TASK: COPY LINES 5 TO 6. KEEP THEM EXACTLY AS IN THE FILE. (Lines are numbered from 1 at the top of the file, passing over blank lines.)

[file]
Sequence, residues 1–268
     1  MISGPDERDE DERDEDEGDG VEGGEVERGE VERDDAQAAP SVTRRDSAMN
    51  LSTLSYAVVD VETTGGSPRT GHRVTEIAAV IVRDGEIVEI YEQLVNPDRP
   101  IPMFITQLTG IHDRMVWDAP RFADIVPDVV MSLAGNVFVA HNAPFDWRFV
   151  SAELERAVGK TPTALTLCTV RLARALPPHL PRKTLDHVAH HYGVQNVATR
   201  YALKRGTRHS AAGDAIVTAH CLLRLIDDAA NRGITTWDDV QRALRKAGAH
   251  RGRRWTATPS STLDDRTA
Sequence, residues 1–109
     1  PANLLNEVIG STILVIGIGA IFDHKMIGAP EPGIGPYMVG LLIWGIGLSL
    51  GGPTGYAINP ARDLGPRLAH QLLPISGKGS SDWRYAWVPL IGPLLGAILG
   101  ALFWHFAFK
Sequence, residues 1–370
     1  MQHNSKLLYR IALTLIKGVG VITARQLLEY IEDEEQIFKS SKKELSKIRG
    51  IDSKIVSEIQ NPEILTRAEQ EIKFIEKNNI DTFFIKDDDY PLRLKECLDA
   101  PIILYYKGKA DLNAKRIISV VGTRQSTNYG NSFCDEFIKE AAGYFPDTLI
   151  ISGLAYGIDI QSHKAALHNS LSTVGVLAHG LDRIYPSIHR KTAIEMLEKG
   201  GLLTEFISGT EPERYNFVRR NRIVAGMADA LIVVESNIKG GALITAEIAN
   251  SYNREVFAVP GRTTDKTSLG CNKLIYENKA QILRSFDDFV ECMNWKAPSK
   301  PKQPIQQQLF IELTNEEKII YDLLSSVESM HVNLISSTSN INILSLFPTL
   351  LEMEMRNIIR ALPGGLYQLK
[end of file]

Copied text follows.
   151  SAELERAVGK TPTALTLCTV RLARALPPHL PRKTLDHVAH HYGVQNVATR
   201  YALKRGTRHS AAGDAIVTAH CLLRLIDDAA NRGITTWDDV QRALRKAGAH